Commandment #6: “You shall not murder.” (Exodus 20:13)

This commandment forbids the taking of another human life for no justifiable reason. Tragically, this commandment seems to be ignored more and more.

  • Every 13 seconds, someone in the USA is beaten, stabbed, shot, robbed, raped, or killed.
  • Every 12 seconds, an abortion occurs in America. Twenty-two percent of pregnancies today end in abortion. Since the passing of Roe vs. Wade in the early ’70s, 50 million babies have been aborted. (That is five times the number of civilians who died under the Nazis in the Holocaust.)

Why the increase in violence? Jesus predicted that the last days would be as “the days of Noah” (Luke 17:26). Genesis 6:11 describes that turbulent time: “The earth also was corrupt before God, and the earth was filled with violence.”

Such violence has undermined the sacredness of human life. We call unborn babies such things as fetuses, embryos, globs of cells, or products of conception. This goes directly against the teachings of Scripture, where we read:

“You [God] made all the delicate, inner parts of my body and knit me together in my mother’s womb. Thank you for making me so wonderfully complex! Your workmanship is marvelous—and how well I know it. You watched me as I was being formed in utter seclusion, as I was woven together in the dark of the womb. You saw me before I was born. Every day of my life was recorded in your book. Every moment was laid out before a single day had passed” (Psalm 139:13–16 NLT).

When killing is appropriate

While all murder is killing, not all killing is necessarily murder. According to Scripture, there are times when death is acceptable, though not desirable. For instance, the Bible seems to make allowances for self-defense and capital punishment:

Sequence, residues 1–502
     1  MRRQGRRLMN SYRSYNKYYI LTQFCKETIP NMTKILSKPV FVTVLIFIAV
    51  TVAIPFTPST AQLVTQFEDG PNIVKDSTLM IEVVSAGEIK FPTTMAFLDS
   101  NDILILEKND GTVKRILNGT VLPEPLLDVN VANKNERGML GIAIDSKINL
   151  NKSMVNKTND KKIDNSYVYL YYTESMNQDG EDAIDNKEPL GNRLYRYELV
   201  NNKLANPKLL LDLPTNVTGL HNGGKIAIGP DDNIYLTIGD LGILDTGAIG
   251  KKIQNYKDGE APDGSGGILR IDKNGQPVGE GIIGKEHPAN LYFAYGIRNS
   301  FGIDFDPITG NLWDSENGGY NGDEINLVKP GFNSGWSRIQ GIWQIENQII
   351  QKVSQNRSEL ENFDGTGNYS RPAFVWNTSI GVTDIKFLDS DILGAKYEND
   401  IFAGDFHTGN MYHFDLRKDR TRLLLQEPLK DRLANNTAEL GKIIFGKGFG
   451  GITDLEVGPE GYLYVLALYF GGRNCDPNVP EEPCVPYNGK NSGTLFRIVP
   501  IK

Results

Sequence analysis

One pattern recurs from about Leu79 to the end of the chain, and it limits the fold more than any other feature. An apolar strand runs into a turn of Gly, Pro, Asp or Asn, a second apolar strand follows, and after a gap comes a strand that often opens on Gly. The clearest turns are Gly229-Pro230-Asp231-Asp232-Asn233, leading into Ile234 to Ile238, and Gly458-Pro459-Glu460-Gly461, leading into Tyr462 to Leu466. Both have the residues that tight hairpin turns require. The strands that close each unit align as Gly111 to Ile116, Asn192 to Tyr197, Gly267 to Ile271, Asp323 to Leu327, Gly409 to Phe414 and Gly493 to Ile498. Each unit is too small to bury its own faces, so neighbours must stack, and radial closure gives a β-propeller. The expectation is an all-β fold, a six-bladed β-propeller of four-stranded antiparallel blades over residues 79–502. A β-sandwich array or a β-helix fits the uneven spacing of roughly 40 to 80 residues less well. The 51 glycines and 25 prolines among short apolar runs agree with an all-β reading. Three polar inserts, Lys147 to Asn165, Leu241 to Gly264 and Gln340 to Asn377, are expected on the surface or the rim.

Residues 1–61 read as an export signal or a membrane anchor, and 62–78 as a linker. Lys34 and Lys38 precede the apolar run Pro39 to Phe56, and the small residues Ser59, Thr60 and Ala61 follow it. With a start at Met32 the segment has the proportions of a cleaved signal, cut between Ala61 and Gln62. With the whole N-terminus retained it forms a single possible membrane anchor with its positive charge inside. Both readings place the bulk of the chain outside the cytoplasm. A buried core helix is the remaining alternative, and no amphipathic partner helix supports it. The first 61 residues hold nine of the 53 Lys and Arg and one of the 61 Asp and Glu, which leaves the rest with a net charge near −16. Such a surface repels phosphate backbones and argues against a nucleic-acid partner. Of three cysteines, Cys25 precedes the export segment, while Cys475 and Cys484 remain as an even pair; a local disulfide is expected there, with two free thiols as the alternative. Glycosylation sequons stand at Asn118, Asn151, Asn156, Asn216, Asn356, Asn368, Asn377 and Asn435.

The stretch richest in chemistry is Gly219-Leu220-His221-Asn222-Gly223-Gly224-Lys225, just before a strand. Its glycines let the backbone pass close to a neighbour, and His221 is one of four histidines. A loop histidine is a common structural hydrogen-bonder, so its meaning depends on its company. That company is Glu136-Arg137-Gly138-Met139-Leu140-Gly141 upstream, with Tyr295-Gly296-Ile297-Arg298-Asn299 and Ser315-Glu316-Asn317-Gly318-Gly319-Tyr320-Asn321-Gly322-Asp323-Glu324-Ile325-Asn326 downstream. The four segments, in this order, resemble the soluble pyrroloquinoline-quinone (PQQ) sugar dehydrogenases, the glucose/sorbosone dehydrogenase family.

• “Whoever sheds blood, by man his blood shall be shed” (Genesis 9:6).
  • “For [the governing authority] is God’s minister to you for good. But if you do evil, be afraid; for he does not bear the sword in vain; for he is God’s minister, an avenger to execute wrath on him who practices evil” (Romans 13:4).

When murder takes place in the heart

In the Sermon on the Mount, Jesus takes the idea of murder a step further:

“You have heard that it was said to those of old, ‘You shall not murder, and whoever murders will be in danger of the judgment.’ But I say to you that whoever is angry with his brother without a cause shall be in danger of the judgment” (Matthew 5:21–22).

Many people have anger and hatred in the depths of their heart to such a degree that their true desire is for the hated person to be dead. This is clearly forbidden in Scripture: “Whoever hates his brother [Christian] is a murderer” (1 John 3:15). The word used for hate in this verse means “to habitually despise”—not just a transient emotion of the affections, but a “deep-rooted loathing.”

Paul, in Ephesians, gives us the remedy for this hatred: “Let all bitterness, wrath, anger, clamor, and evil speaking be put away from you, with all malice. And be kind to one another, tenderhearted, forgiving one another, even as God in Christ forgave you” (Ephesians 4:31–32).

Only through Christ can we change our hearts—and we must!

  • As parents, let us seek to be good examples of followers of Christ for our children.
  • As children, let us seek to obey and honor our parents as God commanded.
  • As believers, let us not harbor hatred or bitterness in our heart toward others.

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